The Canadian Dollar (also known as "Loonie" ) is the currency of the Nation of Canada. It is denoted with a leading $, though in an international context the $ is often appended to a "C" to distinguish the currency from other dollars. For example, within the nation of Canada $69 is read "sixty-nine dollars," while in an international context the same value might be written C$69 and read "sixty-nine dollars, Canadian".
The most active CAD trading hours are from CAD Economic news (7:00AM ET / 12:00 GMT) and US Economic News (8:30AM ET / 13:30 GMT).
The 3 key currency crosses are
The prices of oil have enormous influence on USD/CAD because Canada is one of the world’s largest oil producers. Therefore when oil prices rise, it tends to drive the Canadian dollar higher and vice versa
Nickname – The Canadian dollar frequently known as the “loonie.” This nickname comes from the image of a common loon, a well-known Canadian bird on one side of a one dollar Canadian coin.
Central Bank - The Bank of Canada conducts monetary policy meetings 8 times a year and their decisions on interest rates could have significant ramifications for the currency market. Mark Carney is currently the Bank of Canada Governor. He was appointed to the 7 year term in February 2008.
Most Active Trading Hours – We tend to see the most significant volatility in the Canadian dollar when Canada economic data is released which is usually at 7am ET (12:00 GMT) or 8:30am ET (13:30 GMT)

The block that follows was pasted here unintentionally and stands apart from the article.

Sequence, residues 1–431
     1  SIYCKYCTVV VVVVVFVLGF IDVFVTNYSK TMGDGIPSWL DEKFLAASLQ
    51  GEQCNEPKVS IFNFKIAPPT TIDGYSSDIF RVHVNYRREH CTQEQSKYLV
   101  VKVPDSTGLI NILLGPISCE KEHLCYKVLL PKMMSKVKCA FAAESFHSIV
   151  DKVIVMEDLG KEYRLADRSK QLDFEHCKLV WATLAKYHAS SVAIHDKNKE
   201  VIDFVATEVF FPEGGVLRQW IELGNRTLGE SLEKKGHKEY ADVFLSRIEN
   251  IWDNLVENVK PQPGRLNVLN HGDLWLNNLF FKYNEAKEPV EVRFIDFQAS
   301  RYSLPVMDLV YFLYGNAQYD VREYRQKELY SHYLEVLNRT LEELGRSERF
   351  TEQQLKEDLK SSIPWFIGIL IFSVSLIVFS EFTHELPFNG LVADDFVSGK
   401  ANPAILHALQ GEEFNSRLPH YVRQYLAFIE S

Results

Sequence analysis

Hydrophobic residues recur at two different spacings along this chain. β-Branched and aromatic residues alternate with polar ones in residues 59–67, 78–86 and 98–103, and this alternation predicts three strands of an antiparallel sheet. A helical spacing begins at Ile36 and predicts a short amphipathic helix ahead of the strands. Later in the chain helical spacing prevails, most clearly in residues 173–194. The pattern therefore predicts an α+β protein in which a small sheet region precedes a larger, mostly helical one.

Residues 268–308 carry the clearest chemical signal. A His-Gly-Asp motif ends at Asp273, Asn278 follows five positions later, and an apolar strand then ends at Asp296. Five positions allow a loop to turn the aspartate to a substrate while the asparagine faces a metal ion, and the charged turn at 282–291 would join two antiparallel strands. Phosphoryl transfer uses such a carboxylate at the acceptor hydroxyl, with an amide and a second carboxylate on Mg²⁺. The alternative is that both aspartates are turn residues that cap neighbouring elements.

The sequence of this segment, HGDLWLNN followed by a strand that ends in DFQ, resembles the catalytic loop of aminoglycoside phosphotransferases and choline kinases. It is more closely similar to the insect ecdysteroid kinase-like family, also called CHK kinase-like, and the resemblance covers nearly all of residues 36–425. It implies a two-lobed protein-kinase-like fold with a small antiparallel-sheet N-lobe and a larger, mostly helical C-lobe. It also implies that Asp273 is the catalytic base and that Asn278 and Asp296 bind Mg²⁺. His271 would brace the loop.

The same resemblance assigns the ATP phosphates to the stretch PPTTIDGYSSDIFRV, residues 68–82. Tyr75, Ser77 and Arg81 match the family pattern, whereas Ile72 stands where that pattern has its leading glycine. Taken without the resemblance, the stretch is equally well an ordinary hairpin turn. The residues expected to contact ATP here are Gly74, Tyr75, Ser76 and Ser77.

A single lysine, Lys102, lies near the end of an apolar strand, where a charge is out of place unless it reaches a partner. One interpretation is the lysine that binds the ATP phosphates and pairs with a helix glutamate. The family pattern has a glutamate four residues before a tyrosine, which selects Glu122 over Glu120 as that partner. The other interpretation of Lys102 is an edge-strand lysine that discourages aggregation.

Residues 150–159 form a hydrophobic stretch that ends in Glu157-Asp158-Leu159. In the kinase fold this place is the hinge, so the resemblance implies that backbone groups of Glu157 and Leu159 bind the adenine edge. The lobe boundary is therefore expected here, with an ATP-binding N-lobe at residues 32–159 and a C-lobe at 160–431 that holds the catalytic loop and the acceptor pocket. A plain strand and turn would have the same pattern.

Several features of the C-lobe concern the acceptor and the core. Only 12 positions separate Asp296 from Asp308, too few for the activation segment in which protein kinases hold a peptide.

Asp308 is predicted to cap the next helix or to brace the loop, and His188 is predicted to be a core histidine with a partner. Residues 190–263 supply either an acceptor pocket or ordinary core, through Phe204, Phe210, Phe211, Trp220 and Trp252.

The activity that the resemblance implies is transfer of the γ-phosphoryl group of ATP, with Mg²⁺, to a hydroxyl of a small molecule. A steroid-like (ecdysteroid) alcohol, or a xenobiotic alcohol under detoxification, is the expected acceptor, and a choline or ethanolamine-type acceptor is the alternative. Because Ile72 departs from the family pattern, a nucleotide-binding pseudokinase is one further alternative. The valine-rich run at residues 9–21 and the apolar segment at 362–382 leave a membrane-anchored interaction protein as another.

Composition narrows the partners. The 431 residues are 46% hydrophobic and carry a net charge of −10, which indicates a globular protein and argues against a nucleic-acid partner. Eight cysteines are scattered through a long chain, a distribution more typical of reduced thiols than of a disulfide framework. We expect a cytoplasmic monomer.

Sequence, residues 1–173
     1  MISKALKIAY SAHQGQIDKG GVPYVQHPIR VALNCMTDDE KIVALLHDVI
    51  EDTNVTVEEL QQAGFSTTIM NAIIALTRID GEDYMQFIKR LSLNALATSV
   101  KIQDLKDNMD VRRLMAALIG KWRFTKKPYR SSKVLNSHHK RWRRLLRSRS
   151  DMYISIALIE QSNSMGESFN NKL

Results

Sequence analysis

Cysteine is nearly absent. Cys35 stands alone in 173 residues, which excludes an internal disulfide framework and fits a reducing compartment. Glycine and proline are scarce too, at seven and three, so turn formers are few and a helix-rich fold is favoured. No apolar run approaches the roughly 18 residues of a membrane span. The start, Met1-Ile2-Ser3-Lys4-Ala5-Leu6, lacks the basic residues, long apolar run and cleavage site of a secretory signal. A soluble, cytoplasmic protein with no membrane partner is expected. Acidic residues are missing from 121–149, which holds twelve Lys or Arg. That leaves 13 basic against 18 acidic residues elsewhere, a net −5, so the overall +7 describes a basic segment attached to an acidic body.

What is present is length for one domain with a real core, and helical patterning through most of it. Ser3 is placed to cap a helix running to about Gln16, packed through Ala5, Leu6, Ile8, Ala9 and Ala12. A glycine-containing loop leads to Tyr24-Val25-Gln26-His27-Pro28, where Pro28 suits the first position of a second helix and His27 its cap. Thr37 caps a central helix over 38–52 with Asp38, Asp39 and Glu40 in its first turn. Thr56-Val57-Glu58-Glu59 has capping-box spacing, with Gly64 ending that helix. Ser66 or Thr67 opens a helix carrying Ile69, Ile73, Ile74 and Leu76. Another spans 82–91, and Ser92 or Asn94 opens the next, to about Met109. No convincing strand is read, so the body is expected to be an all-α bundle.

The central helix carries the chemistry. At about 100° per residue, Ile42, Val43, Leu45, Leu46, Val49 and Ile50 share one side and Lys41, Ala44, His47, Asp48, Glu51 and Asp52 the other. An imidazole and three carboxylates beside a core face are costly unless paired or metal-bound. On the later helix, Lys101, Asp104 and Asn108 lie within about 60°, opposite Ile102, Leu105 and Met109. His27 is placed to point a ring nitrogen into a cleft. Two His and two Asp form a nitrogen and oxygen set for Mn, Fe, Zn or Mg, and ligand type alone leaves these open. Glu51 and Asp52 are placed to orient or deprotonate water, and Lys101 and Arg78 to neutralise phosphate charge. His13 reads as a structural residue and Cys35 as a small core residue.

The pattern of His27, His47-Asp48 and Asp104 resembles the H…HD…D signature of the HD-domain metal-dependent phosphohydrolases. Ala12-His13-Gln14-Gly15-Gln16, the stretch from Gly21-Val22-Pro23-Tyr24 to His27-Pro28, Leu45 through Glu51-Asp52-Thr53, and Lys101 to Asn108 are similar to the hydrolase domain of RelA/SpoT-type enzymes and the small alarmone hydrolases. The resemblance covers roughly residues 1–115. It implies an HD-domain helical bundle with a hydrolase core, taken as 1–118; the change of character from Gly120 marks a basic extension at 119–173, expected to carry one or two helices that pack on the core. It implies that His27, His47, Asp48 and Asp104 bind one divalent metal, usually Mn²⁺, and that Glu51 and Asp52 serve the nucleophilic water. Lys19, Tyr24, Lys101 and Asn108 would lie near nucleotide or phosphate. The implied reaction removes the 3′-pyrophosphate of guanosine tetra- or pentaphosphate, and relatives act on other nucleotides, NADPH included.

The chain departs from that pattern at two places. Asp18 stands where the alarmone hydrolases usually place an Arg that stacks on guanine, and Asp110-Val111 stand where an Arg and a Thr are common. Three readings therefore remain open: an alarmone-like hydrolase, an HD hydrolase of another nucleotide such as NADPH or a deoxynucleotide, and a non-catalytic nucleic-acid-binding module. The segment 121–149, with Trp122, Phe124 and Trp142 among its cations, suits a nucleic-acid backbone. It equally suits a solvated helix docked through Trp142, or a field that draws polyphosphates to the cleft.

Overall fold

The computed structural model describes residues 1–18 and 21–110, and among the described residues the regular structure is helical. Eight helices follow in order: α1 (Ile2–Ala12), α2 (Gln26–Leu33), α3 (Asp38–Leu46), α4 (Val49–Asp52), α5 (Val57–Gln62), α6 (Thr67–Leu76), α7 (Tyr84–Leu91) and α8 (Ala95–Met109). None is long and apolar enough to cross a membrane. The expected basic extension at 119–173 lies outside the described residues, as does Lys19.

What Does the Economy Rely On? – Like many other major developed nations, the service sector in Canada makes up the largest percentage of GFT. However Canada is also one of the world’s few net exporters of energy and most important supplier of agricultural products. They also have the world’s second largest oil reserves.
Who Does the Economy Rely on for Trade? – Due to the geographical proximity, Canada’s most important trade partner is the United States, followed by the United Kingdom and China.
Market Moving Economic Releases – Central bank rate decisions are usually the most market moving indicators, which mean that they can create the greatest volatility for any currency followed by the employment report, the consumer spending and inflation reports.
The Canadian Economy is comprised of 69.6% Services, 28.4% Industrial, and 2% Agriculture. It's largest trading partners are US, UK and China. Some other key facts about the Canadian Economy:
|2008 GDP Estimate||USD $1.56 Trillion|
|Trade Balance***||CAD $1.10 Billion|